'About Ice'

Barnaal to speak at Luther Emeriti Colloquium Jan. 11

Midwesterners think they are all too familiar with ice this time but year, but is there more to ice than just the freezing of water? Luther College Professor Emeritus of Physics Dennis Barnaal will go into depth on the fascinating aspects of ice at 3 p.m. Thursday, Jan. 11, in the Mott Room of Dahl Centennial Union as part of the Luther Emeriti Colloquium series.

The presentation "About Ice" is open to the public with no charge for admission.

With more than 40 years of research on ice, Barnaal will present an informal discussion session on ice and snow covering why it is important that ice expands when it freezes, how it's possible to skate on ice and to make snow balls, and what makes ice crystals random. He'll also look at snow and why snowflakes are six-sided, as well as how researchers can learn about climate changes throughout the past 100,000 years just by looking at ice.

Barnaal received a Bachelor of Science, Master of Science and Ph.D., all from the University of Minnesota. He joined the Luther physics staff in 1964, retiring in 2000. While at Luther, he developed a nuclear magnetic resonance research laboratory to study the properties of ice. He has presented papers on ice research at the International Conference on the Physics and Chemistry of Ice.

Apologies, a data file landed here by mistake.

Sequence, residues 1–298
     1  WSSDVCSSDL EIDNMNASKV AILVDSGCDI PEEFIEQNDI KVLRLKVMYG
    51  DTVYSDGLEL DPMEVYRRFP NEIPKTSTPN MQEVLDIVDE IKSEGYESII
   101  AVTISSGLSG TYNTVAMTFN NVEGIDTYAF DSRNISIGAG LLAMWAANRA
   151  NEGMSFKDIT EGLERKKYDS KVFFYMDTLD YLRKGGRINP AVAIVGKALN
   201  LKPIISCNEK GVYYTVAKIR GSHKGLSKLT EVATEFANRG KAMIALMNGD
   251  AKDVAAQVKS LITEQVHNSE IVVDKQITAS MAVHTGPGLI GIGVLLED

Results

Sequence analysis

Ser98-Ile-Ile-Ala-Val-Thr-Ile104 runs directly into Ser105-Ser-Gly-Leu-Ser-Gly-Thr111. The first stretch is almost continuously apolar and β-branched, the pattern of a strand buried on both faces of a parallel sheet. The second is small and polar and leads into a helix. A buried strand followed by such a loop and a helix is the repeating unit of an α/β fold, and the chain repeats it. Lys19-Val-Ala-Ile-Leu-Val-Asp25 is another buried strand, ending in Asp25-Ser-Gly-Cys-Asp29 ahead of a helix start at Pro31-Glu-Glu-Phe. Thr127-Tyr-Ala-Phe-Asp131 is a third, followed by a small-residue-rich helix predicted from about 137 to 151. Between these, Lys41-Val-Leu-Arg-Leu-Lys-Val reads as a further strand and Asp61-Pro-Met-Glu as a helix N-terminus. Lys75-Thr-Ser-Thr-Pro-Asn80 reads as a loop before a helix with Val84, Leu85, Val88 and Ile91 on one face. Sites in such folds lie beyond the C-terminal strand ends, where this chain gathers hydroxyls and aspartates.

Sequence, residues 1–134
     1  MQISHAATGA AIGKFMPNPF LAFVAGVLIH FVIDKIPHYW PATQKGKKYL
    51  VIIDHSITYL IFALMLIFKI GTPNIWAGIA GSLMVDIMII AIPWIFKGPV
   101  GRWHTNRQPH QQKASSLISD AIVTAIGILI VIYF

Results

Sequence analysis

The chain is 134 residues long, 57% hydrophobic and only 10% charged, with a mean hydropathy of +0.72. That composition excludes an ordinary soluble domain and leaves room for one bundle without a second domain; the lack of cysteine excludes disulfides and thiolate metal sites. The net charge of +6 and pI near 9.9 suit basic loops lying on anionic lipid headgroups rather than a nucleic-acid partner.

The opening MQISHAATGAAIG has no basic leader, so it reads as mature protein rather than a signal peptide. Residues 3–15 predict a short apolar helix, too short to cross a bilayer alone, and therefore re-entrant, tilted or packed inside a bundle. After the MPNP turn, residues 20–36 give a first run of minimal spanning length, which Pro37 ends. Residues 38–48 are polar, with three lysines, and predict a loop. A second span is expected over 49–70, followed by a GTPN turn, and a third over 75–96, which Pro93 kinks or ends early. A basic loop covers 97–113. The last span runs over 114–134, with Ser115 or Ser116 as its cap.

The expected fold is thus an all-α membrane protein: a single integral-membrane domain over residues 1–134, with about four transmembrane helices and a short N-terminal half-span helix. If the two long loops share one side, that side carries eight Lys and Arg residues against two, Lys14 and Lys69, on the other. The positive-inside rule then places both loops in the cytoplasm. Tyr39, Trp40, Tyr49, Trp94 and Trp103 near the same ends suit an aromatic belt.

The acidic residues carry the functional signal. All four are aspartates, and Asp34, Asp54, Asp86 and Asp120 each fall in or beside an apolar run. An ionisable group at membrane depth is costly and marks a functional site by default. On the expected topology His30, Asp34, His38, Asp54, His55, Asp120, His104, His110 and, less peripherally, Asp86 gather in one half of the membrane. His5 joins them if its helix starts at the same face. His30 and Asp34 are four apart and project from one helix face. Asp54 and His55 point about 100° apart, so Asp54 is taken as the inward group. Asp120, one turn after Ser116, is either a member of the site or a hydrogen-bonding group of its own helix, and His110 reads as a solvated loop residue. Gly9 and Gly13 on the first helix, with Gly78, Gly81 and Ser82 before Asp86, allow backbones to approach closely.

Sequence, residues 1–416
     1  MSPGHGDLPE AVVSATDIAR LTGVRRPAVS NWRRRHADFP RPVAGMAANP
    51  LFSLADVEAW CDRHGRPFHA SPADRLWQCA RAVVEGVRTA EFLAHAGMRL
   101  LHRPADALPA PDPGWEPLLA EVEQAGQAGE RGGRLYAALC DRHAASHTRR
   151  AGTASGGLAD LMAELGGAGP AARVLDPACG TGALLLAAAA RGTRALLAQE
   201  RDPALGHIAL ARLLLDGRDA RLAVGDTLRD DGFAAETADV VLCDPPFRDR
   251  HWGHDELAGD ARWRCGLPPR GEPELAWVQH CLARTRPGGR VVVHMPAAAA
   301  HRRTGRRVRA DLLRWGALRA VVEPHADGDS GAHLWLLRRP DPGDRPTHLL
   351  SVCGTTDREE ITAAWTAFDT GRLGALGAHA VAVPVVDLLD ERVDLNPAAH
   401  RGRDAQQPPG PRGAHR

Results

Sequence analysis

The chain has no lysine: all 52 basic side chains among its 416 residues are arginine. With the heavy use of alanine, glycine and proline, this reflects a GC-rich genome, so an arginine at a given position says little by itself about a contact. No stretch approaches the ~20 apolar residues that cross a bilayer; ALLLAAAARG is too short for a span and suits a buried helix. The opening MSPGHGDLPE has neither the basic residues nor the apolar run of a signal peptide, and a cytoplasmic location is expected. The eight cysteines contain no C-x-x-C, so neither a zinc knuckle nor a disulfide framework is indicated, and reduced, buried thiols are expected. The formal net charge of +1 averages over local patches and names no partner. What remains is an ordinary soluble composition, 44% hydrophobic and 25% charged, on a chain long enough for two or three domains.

A national liberal arts college with an enrollment of 2,050, Luther offers an academic curriculum that leads to the Bachelor of Arts degree in more than 60 majors and pre-professional programs. For more information about Luther visit the college's website: http://www.luther.edu.

{ Return to News from the Luther Physics Department for more posts. }

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